For Class “B” and Class “A” underslab vapor retarders, the MVT standard for both pre- and post-conditioned materials remains .3 perms or less, although the tear and puncture resistance are progressively higher. A Class “B” vapor retarder requires a tear resistance of 30 lbf/in. and a puncture resistance of 1,700 grams; Class “A” requirements are 45 lbf/in. tear resistance and 2,200 grams puncture resistance. Because the MVT requirement for all three classes remains the same, there is no inherent difference in the ability of a Class “C” or Class “A” underslab vapor retarder to provide an effective barrier to moisture vapor migration. Rather, the key distinction between the three classes of materials is their differing ability to withstand the abuse of installation without being punctured or torn.

Proper installation of an underslab vapor retarder requires that all seems are taped and any penetrations or damage to the membrane repaired prior to placement of the concrete.    It should be noted that, while in many instances consensus standards are drafted to include materials that are already manufactured and in use, at the time ASTM E-1745 was adopted there did not exist any concrete underslab vapor retarder that met the standard’s requirements. Fortifiber Building Products Systems was the first manufacturer to meet Class “C” requirements with the introduction of their Moistop Plus concrete underslab vapor retarder in 1997, and for nearly a year following its introduction, the product was the only one available that met the standard.It should be noted that, while in many instances consensus standards are drafted to include materials that are already manufactured and in use, at the time ASTM E-1745 was adopted there did not exist any concrete underslab vapor retarder that met the standard’s requirements. Fortifiber Building Products Systems was the first manufacturer to meet Class “C” requirements with the introduction of their Moistop Plus concrete underslab vapor retarder in 1997, and for nearly a year following its introduction, the product was the only one available that met the standard.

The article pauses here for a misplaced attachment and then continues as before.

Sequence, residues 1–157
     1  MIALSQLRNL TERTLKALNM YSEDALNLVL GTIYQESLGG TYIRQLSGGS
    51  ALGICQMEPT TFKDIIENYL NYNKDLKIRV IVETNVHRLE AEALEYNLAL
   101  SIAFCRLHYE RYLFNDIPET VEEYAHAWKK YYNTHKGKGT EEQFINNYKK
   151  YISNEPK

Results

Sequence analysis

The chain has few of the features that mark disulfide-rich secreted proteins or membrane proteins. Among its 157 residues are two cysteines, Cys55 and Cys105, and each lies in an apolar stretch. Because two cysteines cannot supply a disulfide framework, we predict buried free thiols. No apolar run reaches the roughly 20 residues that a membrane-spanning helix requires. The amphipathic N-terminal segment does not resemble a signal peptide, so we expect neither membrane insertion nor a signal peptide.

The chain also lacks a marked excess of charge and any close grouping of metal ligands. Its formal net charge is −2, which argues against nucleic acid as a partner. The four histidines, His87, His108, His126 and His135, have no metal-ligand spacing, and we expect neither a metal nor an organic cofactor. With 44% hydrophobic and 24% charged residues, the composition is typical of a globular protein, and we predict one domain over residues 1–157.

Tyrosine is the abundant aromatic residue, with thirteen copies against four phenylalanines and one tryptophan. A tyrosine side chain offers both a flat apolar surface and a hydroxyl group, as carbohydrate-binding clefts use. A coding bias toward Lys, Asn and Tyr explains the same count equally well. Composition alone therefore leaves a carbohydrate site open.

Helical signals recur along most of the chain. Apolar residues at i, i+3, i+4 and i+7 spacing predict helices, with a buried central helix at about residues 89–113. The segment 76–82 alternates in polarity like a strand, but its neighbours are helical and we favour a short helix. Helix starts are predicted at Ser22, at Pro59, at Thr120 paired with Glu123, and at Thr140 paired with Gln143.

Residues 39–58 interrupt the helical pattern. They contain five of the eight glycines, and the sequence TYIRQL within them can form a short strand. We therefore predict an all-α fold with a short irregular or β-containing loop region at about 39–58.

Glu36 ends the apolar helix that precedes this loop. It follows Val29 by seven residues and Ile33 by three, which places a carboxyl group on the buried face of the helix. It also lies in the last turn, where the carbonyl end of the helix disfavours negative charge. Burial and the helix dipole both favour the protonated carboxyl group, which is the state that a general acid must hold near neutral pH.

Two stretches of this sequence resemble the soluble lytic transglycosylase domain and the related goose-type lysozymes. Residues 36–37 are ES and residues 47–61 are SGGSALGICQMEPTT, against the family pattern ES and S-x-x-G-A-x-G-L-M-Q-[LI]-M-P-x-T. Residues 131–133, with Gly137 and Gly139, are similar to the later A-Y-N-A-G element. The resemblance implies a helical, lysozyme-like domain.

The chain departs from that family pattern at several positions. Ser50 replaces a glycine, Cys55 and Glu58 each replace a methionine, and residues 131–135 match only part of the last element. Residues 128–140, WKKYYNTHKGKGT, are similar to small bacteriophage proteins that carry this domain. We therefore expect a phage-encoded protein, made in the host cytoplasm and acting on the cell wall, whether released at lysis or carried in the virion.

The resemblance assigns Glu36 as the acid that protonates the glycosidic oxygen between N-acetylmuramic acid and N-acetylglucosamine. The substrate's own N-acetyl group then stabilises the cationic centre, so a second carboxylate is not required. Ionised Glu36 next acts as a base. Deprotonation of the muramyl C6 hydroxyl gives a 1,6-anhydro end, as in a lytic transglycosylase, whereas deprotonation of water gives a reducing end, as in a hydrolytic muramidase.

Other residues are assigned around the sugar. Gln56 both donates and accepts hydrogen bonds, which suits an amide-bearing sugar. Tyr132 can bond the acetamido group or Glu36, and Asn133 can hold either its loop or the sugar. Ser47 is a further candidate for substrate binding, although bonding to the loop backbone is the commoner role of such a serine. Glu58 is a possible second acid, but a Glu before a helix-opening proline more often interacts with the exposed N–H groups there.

Today, a number of manufacturers offer Class “C” and “B” underslab vapor retarders, while a handful also offer Class “A” vapor retarders, although these are rarely specified. There are also concrete underslab vapor retarders manufactured and in widespread use that meet the MVT and tensile strength requirement of ASTM E-1745, but fall short of the full requirements.

When specifying an underslab vapor retarder, consideration must be given to a number of factors, such as the use, location and type of capillary fill, exposure to foot and equipment traffic, and cost. In general terms, the greater the potential for damage to the underslab vapor retarder, a more durable underslab vapor retarder is desired. Understandably, the cost of underslab vapor retarders increases as one progresses from those that meet only portions of the ASTM E-1745 standard to those that meet the requirements for classes “C”, “B” and “A” (see table).

An underslab vapor retarder that meets the MVT and tear resistance of ASTM E-1754, but does not meet all of the Class “C” requirements, is still an appropriate material for those job sites conditions least likely to cause damage to the underslab vapor retarder. Examples include concrete slabs that do not employ a capillary break, or those that utilize pea gravel underneath the vapor retarder.

For installations where a capillary break is installed on top of the underslab vapor retarder, resulting in considerable foot and equipment traffic over the material, a more substantial product is often warranted, such as a Class “C” or “B” material. The type of capillary fill material being used is also an important consideration. Rip-rock or crushed stone are more likely to cause damage to the vapor retarder than pea gravel or river rock.About the author: Ron Beers is Concrete Products Manager for Fortifiber Building Products Systems. He can be contacted by phone at (800) 773-4777 or by email at rbeers@fortifiber.com

Regardless of the material selected, proper installation of the underslab vapor retarder is critical for optimum performance. All seams must be properly lapped and sealed with an appropriate tape meeting the MVT of ASTM E-1745. Prior to placement of fill or concrete over the underslab vapor retarder, the material should be inspected for any tears, punctures or penetrations, and any defects should be repaired with tape. Complete installation procedures are outlined in ASTM E-1643, “Standard Practice for Installation of Water Vapor Retarders Used in Contact with Earth or Granular Fill Under Concrete Slabs”.

Cost Comparison of Concrete Underslab Vapor Retarders*

Product 

Standard Specification Sq.Ft. Cost
Moistop   ASTM E-1745 MVT/Tensile Strength $.065 - $.07
Moistop Plus ASTM E-1745 Class "C" $.153 - $.167
Moistop Ultra ASTM E-1745 Class "B" $.20 - $.213

About the author: Ron Beers is Concrete Products Manager for Fortifiber Building Products Systems. He can be contacted by phone at (800) 773-4777 or by email at rbeers@fortifiber.com